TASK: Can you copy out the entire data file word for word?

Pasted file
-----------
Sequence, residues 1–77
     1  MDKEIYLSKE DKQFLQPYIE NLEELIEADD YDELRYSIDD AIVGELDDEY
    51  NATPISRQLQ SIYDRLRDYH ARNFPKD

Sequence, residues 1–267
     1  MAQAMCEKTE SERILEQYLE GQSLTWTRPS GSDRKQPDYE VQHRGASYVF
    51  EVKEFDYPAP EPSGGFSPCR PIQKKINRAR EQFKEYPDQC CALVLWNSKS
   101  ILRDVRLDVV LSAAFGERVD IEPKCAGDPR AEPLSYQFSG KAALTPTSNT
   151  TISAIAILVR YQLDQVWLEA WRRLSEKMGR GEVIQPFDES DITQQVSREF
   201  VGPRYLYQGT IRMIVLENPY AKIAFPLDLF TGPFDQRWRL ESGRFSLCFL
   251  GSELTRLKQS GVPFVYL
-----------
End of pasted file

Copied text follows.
Sequence, residues 1–77
     1  MDKEIYLSKE DKQFLQPYIE NLEELIEADD YDELRYSIDD AIVGELDDEY
    51  NATPISRQLQ SIYDRLRDYH ARNFPKD

Sequence, residues 1–267
     1  MAQAMCEKTE SERILEQYLE GQSLTWTRPS GSDRKQPDYE VQHRGASYVF
    51  EVKEFDYPAP EPSGGFSPCR PIQKKINRAR EQFKEYPDQC CALVLWNSKS
   101  ILRDVRLDVV LSAAFGERVD IEPKCAGDPR AEPLSYQFSG KAALTPTSNT
   151  TISAIAILVR YQLDQVWLEA WRRLSEKMGR GEVIQPFDES DITQQVSREF
   201  VGPRYLYQGT IRMIVLENPY AKIAFPLDLF TGPFDQRWRL ESGRFSLCFL
   251  GSELTRLKQS GVPFVYL